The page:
I remember a family practice doctor once telling me “Most of my patients aren’t sick. They’re lonely, unhappy, stressed or bored.”
His observation resonated with me.
So many somatic complaints, like headaches, back pain and digestive problems, stem from emotional upset.
Being isolated or bored or just unhappy with life leads to eating poorly and sitting too much, which in turn leads to heart disease, diabetes and depression.
It’s sadly easy to go to a doctor and get a prescription for a drug to treat high blood pressure or depression or heartburn.
Did you know 70% of Americans take at least one prescription drug? And how many of those drugs are trying to treat conditions that could be more effectively and safely treated with lifestyle changes alone?
Some docs are even trying drug-free prescriptions for healthier lifestyles.
Doctors in England and Canada have tried an innovative program to beat loneliness in the elderly. Social isolation is a huge problem in those countries as well as America. Why is it a health problem?
Loneliness, however, is not merely an emotional issue. It threatens physical health and well-being. It’s associated with higher levels of cortisol, the body’s stress hormone. And as loneliness becomes more pronounced, it results in physical challenges such as increased risks of heart attack and stroke.
Instead of prescribing a drug for someone, doctors in 11 community health centres are trying to heal patients by sending them to the local bingo hall or museum. Or by teaching them to knit, fish, sing in a choir or play the ukulele.
The technical term for this approach is “social prescription.” It might sound weird, but there’s evidence it works.
Is anyone trying it in our country? I hope so. I’ve posted before about the benefits of staying socially active and using your brain to play games like mahjongg, bingo or bridge.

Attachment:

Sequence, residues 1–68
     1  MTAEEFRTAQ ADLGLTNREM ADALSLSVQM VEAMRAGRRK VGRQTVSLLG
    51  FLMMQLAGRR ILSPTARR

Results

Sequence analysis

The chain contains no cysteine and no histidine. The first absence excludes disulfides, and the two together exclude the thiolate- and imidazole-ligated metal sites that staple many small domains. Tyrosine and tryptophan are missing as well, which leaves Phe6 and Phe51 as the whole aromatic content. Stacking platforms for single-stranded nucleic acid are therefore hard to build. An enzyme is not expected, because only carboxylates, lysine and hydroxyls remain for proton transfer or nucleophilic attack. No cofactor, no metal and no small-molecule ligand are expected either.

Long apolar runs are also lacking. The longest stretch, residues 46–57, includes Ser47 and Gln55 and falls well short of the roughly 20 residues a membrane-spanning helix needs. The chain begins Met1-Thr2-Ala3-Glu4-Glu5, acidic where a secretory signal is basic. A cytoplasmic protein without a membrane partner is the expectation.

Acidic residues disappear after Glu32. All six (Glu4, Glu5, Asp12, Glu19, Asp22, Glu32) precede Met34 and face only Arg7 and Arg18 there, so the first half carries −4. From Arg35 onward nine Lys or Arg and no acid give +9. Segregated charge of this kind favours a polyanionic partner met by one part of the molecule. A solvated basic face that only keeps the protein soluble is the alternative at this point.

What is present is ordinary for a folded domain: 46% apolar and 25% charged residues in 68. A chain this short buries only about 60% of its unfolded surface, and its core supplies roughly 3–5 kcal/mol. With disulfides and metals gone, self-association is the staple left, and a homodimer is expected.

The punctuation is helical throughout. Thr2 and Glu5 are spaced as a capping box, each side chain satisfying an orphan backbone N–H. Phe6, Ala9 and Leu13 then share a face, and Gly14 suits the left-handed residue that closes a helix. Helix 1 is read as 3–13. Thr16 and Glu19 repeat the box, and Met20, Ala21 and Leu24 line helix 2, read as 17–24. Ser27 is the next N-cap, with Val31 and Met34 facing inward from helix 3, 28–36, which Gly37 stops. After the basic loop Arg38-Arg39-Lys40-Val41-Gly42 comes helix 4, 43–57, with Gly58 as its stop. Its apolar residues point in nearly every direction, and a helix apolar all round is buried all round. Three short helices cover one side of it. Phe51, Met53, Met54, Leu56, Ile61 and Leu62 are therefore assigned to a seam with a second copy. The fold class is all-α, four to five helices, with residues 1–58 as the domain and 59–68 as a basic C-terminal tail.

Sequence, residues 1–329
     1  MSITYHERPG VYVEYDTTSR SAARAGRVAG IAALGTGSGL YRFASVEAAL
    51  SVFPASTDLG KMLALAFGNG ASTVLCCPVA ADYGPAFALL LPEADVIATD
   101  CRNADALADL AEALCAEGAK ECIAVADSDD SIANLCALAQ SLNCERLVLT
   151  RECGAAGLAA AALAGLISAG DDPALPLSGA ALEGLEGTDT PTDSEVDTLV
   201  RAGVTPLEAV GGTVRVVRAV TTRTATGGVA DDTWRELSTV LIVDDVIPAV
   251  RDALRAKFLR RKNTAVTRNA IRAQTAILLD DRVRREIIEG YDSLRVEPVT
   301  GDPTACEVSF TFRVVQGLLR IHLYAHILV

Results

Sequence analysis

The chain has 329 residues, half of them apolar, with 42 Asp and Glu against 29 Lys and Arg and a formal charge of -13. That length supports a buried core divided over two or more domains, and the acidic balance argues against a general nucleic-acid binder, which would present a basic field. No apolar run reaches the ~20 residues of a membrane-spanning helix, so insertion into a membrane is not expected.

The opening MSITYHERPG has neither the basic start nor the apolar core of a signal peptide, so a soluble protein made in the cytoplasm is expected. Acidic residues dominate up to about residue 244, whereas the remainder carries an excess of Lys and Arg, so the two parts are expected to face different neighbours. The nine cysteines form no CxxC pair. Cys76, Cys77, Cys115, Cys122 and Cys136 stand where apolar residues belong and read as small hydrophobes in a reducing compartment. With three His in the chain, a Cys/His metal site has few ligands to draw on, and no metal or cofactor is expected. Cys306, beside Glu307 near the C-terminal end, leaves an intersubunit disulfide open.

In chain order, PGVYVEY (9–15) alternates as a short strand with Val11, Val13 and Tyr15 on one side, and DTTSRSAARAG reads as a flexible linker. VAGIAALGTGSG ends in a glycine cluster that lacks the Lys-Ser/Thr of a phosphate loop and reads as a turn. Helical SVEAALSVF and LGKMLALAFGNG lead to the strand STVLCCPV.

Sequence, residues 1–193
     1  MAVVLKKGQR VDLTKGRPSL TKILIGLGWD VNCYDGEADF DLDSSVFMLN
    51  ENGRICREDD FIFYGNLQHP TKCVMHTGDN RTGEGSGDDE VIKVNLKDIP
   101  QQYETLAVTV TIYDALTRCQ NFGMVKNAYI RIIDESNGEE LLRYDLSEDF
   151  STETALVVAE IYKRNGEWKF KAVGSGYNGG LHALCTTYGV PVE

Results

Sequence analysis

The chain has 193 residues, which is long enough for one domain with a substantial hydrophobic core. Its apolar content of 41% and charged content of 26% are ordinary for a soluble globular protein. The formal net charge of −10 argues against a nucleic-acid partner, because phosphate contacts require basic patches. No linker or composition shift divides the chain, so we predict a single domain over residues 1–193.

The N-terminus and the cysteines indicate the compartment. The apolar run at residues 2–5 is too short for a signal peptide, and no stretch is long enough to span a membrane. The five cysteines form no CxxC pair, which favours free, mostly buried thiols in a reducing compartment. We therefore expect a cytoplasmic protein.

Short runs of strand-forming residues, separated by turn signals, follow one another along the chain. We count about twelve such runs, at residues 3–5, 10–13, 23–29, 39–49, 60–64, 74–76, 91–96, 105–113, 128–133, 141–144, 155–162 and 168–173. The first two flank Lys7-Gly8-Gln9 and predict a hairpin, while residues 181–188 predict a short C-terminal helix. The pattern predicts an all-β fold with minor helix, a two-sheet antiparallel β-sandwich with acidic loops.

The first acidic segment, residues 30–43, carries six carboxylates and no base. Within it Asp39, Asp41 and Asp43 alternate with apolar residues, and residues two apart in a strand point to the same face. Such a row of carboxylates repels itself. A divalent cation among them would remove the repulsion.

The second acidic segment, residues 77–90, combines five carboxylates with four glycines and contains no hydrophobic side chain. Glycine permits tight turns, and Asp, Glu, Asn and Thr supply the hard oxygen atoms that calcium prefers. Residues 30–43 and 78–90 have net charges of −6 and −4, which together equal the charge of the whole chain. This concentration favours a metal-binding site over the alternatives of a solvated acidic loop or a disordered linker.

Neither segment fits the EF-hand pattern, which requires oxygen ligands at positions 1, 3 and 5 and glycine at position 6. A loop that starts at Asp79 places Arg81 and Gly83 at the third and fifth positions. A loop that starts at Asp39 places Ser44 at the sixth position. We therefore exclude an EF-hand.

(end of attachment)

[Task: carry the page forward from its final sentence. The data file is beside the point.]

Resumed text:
Find or arrange a group in your neighborhood. Many bars and coffee shops offer game nights, or just have board games available to play anytime. It’s a fun way to make new friends, and you don’t have to wait for a doctor’s prescription!
Another novel drug-free prescription is for a dose of nature.
Programs in the UK and the US have doctors writing prescriptions for outdoor activities, such as going to the park, taking a hike, bird watching, beach combing, etc.
These prescriptions are especially useful for children and teens who are overweight and sedentary.
There’s even a non-profit called Park Rx America that facilitates physicians being able to write outdoor prescriptions for their patients.
Over 100 million Americans currently suffer from a chronic disease (e.g., coronary heart disease, stroke, high blood pressure, Type 2 diabetes, and mental health conditions). More than two thirds of American adults currently suffer from overweight/obesity, which contributes to chronic disease. Chronic disease results in decreased quality of life, and ultimately, premature death.
Spending time in natural environments increases physical activity, hence decreasing the risk of developing chronic disease. Park Rx America is a low-cost intervention that utilizes a known, generally trusted, and accessible resource – parks – to influence positive health outcomes.
Get outside and play!
Drug-free prescriptions? I’d be happy to have one filled.